Mr Luctons Freedom By Francis Brett Young


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Owen Lucton is the senior partner of a respected firm of North Bromwich (Birmingham) accountants. He enjoys considerable wealth and a privileged position. Now of mature years he finds the demands of his life irksome. When he crashes his luxury car into the River Avon he realises that he can disappear, as it will be assumed he drowned. He adopts a new identity, yet his new freedom is precarious. He makes his way across the Malvern Hills to the quiet country of the Welsh border. His encounters with farmers, walkers, fishermen, and a cricket-loving vicar, all end with him taking flight to avoid his identity being revealed. Finally he finds contentment with two spinster sisters in the village of Chapel Lawn. But his idyll comes to an untimely end as he accidentally unseats a passing lady cyclist. Mr Luctons Freedom

Owen Lucton has it all. A career, money, respect, and a family some would be proud of, but he's not happy. Owen feels that his only reason for existing is to fund the lavish lifestyle of his wife and that if he wasn't around, even his job would go on quite nicely in the capable hands of his son.

So when he goes for an afternoon ride in his sporty new Pearce Tregaron and ends up wrecking it in the river he sees his chance for escape. No one need know where he's disappeared to. He can start over.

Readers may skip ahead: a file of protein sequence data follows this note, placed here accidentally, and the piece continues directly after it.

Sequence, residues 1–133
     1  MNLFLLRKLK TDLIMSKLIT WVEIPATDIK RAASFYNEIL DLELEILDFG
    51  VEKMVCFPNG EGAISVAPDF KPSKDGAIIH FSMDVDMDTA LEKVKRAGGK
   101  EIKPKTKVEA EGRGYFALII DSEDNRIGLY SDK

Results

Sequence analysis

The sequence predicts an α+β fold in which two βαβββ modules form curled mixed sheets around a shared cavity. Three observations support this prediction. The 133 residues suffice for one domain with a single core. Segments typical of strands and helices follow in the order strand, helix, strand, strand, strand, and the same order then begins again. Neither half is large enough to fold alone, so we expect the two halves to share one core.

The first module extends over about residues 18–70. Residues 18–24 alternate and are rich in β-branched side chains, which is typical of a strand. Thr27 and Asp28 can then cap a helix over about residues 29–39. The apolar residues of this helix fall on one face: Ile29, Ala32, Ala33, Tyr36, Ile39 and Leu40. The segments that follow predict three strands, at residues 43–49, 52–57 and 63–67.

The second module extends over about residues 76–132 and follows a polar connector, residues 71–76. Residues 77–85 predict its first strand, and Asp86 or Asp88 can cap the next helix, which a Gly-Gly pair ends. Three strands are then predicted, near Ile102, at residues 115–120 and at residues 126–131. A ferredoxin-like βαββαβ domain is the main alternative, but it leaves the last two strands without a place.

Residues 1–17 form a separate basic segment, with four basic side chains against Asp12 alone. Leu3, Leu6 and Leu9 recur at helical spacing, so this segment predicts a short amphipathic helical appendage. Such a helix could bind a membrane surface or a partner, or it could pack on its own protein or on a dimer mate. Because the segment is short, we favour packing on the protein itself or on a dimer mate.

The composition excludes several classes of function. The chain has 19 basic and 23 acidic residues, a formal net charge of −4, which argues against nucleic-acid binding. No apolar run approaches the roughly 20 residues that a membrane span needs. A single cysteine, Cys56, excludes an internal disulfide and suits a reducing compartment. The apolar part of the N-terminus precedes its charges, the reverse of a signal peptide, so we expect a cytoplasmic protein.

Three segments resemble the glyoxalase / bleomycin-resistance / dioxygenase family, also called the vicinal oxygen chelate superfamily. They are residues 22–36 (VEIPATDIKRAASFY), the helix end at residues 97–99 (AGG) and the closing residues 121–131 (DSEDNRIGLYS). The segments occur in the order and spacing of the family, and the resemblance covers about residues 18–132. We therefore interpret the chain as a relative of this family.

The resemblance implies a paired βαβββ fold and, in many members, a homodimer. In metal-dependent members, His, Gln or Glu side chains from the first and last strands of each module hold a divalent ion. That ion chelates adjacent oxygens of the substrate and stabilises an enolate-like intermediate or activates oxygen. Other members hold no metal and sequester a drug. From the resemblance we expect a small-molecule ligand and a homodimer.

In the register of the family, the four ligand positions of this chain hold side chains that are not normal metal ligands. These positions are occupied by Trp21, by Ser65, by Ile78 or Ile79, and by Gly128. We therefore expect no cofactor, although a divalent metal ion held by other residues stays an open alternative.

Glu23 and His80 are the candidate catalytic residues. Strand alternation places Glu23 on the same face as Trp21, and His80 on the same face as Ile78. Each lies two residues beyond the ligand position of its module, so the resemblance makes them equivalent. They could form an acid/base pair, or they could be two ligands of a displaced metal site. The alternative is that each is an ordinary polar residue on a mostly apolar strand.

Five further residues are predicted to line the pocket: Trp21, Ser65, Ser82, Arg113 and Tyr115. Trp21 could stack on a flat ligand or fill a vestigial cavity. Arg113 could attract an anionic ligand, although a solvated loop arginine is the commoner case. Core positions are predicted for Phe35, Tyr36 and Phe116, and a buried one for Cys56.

But it's not so easy to start over with the clothes on your back and no history you'll admit to. Especially when news of his disappearance becomes known.

Thus explains Mr Lucton's walking holiday through Wales, never stopping in one place for long before having to escape yet again.

Eventually, he stumbles upon his Utopia, a village and friends that he can connect with on every human level but it's at this crucial point that he has to make the hardest decision of his life: stay and let his friends experience financial ruin, or return to his old life but save his friends.

This is a pleasant but not overly exciting book. Enjoyable but not one I would reread too soon.